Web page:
In many cladoceran zooplankton, females divide their reproductive effort among females, males, and resting eggs depending on a suite of environmental conditions. Having alternative life‐history strategies allows cladocerans such as Daphnia to achieve high reproductive rates asexually when conditions are favorable and to produce offspring sexually for survival when the environment becomes unsuitable. Because of their rapid reproduction, Daphnia and other cladocerans are useful model organisms in aquatic toxicology. Bioassays using Daphnia serve two functions, to estimate the ecosystem level risk posed by specific chemicals and to quickly detect contaminated waters. Bioassays examine effects in terms of life history features such as growth, survival, and asexual fecundity. We studied the effects of toxic stress on Daphnia galeata mendotae grown under conditions in which it produces female, male, and ephippial offspring. Fecundities in terms of the three types of offspring showed different sensitivities to chemical stress. The stressors were a toxic strain of the cyanobacterium Microcystis aeruginosa and nonylphenol, a plasticizer, which is a surfactant that interferes with endocrine function in vertebrates. Production of resting eggs and female offspring were affected in both experiments, but the experiments showed different dose responses. Production of males was less sensitive. Exposure to nonylphenol also produced a characteristic developmental abnormality at environmentally relevant concentrations. Life table analysis showed that stress during the sexual phase of the life cycle of Daphnia reduces short‐term population growth and as well as affecting the stock of dormant individuals.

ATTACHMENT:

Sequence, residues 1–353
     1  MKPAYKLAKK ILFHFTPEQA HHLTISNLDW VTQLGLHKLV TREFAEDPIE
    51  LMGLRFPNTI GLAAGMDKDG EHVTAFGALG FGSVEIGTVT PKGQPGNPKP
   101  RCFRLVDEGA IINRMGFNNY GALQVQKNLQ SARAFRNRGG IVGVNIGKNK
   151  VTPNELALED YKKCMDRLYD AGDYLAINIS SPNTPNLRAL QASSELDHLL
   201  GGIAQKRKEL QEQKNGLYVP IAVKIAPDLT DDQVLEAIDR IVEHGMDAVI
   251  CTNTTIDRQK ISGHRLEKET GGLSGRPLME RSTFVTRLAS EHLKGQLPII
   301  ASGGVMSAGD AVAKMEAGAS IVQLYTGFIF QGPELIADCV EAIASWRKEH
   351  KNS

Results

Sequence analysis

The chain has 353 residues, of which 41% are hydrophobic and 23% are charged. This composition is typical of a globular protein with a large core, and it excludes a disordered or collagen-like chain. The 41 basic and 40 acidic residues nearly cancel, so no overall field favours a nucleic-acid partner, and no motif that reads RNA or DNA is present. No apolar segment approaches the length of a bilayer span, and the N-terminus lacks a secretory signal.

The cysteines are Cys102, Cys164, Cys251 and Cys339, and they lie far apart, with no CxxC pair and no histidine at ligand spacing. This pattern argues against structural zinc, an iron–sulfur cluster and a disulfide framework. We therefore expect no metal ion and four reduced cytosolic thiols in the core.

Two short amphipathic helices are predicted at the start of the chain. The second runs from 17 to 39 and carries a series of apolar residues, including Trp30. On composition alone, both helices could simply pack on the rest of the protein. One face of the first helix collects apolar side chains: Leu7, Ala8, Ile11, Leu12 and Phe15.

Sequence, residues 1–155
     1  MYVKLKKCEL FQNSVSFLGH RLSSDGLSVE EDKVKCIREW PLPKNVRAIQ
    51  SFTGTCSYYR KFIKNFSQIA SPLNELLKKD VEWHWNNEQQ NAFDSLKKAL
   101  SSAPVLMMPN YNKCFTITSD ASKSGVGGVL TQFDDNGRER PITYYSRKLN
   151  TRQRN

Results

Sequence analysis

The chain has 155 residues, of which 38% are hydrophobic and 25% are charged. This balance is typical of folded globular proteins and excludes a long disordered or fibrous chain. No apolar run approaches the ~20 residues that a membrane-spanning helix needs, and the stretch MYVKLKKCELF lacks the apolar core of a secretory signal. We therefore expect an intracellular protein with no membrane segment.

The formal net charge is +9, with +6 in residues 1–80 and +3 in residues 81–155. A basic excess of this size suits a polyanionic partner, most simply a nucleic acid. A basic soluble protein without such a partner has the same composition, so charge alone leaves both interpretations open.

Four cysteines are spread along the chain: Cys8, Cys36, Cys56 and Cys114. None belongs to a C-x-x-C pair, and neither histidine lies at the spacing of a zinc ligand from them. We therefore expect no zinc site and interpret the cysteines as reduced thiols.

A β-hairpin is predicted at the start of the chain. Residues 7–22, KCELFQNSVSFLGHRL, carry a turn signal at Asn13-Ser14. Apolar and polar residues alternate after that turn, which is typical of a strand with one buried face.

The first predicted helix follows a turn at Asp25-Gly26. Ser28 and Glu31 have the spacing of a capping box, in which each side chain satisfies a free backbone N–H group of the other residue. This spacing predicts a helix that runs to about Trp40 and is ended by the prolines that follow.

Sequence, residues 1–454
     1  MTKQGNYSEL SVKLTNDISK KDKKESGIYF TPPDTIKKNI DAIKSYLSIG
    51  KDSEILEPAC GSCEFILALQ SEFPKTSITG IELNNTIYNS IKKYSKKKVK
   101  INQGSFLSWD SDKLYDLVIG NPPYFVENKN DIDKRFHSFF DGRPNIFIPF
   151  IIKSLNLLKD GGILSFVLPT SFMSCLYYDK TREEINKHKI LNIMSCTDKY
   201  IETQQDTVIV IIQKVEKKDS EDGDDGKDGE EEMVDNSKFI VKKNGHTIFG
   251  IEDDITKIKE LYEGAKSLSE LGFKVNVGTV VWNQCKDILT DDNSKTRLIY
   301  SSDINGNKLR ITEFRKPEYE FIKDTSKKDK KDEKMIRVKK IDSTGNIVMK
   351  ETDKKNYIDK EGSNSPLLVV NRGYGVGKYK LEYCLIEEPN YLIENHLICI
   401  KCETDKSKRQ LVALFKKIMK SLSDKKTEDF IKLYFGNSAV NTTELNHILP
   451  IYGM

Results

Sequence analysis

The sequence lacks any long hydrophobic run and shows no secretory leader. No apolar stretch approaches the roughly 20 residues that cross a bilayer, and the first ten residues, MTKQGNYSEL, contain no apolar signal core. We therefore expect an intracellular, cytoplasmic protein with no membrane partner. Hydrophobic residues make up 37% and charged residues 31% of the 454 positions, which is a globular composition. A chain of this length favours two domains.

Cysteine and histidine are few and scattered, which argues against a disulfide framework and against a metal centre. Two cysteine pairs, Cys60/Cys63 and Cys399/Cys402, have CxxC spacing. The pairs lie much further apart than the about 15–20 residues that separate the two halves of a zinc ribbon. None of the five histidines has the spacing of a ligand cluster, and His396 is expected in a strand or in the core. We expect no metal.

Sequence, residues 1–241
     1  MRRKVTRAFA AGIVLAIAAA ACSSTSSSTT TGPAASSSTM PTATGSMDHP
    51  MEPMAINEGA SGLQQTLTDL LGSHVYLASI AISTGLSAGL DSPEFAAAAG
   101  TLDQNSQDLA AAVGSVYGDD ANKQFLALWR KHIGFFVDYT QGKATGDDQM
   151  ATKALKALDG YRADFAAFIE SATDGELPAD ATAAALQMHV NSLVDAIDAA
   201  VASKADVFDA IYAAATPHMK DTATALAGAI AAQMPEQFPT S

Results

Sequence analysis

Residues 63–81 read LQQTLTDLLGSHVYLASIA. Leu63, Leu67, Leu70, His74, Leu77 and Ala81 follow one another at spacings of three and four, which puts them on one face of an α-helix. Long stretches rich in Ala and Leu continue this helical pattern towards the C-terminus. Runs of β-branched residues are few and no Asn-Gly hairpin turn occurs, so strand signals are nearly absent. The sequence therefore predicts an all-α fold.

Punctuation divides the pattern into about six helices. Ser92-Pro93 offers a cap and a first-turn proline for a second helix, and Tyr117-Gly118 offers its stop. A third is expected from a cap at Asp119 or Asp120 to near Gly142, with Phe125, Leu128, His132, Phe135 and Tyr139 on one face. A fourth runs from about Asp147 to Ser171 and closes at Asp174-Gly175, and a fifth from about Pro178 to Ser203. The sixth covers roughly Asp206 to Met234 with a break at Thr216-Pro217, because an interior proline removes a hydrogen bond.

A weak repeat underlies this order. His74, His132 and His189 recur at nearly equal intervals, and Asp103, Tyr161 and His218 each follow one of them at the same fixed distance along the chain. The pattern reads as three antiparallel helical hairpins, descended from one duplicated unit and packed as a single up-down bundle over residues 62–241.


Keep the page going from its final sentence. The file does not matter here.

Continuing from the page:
Environmental Toxicology & Chemistry – Wiley
Published: Jun 1, 1997
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